KITTERY, Maine — Two dogs from Environmental Canine Services in Michigan are visiting the area for a week of “bacteria source tracking” throughout coastal Maine and New Hampshire.
The dogs are working to detect human sources of bacteria in water, such as septic system failures, sewage leaks and illicit connections to storm sewer systems.
Sable, a 7-year-old German shepherd mix, and Logan, a 5-year-old rough coat collie, visited Kittery on Tuesday and surveyed portions of Spruce Creek, attempting to sniff out human waste.
The dogs are being hosted by FB Environmental, a consulting firm with locations in Portland and Portsmouth, N.H. The company works with municipalities to identify sources of water contamination and develop environmental management plans for polluted waterways.
Environmental Canine Services is the first — and only — company in the world to train dogs to be able to detect human waste in storm water, according to owners Scott and Karen Reynolds. They are aware of only one other person, a Georgia environmentalist, who is attempting to use the same method to find sources of water contamination.
The couple claims the dogs are nearly as accurate in detecting human waste as traditional laboratory tests. They say the dogs are a more efficient and less costly option for municipalities searching for pollution near beaches, streams, shellfish beds and other bodies of water.
Sable and Logan are among a team of five rescue dogs trained to detect human waste. Scott Reynolds is a retired police officer who previously worked with trained dogs to sniff narcotics. Karen Reynolds also had experience working with dogs on a search and rescue team in Oklahoma.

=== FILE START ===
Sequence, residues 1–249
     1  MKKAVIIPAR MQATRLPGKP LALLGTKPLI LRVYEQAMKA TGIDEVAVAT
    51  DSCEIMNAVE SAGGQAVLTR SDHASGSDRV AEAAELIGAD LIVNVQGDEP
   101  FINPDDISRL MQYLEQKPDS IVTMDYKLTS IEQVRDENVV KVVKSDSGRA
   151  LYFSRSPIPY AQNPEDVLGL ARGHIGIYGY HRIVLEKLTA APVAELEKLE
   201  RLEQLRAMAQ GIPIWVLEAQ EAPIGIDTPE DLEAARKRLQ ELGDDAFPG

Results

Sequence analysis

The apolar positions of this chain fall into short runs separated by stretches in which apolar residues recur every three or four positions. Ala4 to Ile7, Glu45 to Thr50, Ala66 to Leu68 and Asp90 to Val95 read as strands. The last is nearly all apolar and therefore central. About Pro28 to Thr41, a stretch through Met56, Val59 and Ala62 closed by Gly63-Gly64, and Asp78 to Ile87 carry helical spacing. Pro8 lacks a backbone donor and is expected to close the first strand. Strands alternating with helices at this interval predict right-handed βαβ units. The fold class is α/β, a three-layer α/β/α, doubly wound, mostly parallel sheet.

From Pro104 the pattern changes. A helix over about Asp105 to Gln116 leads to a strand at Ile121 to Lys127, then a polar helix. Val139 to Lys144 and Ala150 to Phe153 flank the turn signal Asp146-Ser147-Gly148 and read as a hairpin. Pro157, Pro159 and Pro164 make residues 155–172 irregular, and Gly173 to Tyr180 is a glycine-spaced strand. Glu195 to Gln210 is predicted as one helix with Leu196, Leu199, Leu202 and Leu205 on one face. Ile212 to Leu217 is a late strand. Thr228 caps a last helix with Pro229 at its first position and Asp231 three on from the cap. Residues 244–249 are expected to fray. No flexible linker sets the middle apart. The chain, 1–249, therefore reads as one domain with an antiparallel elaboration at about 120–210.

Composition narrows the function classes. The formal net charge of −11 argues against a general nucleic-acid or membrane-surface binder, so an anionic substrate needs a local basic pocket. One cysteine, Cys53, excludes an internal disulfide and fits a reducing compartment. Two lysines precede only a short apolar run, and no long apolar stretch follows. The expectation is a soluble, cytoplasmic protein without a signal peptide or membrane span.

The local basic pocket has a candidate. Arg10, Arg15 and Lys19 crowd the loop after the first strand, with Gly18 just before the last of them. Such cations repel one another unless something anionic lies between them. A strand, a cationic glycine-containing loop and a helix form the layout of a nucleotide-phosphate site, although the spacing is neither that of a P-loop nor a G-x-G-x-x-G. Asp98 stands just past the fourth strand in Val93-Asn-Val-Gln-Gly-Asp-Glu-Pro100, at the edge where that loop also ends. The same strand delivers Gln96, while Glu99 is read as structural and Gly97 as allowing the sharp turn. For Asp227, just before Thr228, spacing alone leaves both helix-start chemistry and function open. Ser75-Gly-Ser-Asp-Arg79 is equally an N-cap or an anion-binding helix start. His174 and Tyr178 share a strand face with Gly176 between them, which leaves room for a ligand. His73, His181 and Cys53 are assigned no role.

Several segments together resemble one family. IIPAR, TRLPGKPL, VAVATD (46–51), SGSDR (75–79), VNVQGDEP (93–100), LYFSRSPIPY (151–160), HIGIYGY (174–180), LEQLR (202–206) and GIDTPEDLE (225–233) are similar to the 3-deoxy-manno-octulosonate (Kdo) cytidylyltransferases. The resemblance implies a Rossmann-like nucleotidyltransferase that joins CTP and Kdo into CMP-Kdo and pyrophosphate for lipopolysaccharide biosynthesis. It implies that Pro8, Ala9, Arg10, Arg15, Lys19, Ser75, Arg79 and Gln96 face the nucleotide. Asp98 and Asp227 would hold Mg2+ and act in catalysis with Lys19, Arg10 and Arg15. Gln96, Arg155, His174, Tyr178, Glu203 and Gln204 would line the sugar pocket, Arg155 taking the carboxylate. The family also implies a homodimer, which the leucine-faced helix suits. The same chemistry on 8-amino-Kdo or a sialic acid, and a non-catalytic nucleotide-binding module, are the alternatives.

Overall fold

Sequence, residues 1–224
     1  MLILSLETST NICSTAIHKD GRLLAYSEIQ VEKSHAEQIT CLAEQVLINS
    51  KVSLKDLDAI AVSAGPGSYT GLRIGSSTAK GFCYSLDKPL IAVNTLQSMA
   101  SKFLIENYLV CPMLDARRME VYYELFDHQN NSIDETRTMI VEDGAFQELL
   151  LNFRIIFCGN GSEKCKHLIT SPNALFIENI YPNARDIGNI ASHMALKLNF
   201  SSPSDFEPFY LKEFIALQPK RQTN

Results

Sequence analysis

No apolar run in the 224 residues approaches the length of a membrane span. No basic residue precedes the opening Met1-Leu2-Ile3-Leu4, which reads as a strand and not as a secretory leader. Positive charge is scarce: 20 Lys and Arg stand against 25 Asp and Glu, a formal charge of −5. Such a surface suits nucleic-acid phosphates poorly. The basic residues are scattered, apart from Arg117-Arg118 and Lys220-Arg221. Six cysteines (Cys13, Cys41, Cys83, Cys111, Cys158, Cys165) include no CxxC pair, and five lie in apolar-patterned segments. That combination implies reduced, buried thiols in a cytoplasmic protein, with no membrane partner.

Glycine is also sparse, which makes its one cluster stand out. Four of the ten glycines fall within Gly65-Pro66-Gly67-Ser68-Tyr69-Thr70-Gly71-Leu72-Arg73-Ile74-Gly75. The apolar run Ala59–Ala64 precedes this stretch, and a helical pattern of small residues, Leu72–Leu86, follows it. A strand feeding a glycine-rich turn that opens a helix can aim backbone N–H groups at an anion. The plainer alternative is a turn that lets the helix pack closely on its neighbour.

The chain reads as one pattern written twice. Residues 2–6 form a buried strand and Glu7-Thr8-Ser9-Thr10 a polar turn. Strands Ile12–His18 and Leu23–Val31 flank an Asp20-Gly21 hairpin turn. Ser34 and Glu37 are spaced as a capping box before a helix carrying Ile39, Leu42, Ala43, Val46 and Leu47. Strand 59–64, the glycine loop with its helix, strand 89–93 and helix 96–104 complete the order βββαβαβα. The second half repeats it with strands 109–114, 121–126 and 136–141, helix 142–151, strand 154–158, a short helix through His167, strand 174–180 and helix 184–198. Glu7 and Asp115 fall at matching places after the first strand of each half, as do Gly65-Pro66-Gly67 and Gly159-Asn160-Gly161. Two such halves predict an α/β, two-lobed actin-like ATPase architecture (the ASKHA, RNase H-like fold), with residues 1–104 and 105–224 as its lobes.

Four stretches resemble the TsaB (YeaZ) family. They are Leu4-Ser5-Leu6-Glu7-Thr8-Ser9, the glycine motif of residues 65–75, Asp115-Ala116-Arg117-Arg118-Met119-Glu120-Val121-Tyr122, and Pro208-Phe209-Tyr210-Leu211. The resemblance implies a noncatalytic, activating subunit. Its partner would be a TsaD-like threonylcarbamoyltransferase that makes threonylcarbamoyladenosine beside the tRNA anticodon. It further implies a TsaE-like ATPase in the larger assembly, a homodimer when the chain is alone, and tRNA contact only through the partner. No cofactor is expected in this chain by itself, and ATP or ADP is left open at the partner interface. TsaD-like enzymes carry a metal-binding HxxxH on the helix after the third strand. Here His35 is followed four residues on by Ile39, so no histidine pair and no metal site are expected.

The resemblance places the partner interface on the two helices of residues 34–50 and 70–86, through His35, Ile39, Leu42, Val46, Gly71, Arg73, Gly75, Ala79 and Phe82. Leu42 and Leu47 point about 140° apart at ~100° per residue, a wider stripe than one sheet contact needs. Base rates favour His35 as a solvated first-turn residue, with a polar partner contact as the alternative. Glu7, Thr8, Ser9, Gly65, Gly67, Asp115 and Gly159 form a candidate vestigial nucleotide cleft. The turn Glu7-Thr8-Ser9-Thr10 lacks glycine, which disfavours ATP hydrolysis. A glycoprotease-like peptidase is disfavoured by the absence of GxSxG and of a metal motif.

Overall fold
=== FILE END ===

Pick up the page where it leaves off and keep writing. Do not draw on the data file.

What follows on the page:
Officials in Michigan, Wisconsin, California and Maine have utilized the dogs in the past.
After surveying the water in Kittery on Tuesday, the dogs demonstrated their ability to sniff out bacteria during a press event in the rear parking lot of the Kittery Trading Post.
Spruce Creek, which runs behind the trading post, has been the subject of environmental study for several years. The waterway has been declared “impaired” because of high bacteria counts, according to Patrick Marass, a project scientist at FB Environmental. FB has worked to analyze the water system and draft recommendations to clean it up.
Recent studies on the creek focused on measuring the water quality of stormwater discharge coming from outfall pipes. They found the presence of harmful E. coli bacteria in levels that are 10, 20 or 30 times above the legal limits. As a result, shellfish beds have been closed for many years.
Results from an initial 2009 investigation showed outfalls had exceedingly high levels of bacteria in wet weather and even during dry weather. This was especially true at outfalls in Admiralty Village. After discovering these high levels, local officials contracted with FB Environmental to conduct additional sampling to get a better handle on where the bacteria was coming from in the area, which was formerly a housing site for Portsmouth Naval Shipyard workers.
“Doing it with the dogs is so much faster,” Marass said. “It basically is going to help us … focus the investigation even more.”
The dogs will also be on hand in Portsmouth on Wednesday for a workshop for officials from around the region. They will visit the office of the New Hampshire Department of Environmental Services at Pease International Tradeport between 8:30 a.m. and noon.
© 2012 the Foster’s Daily Democrat
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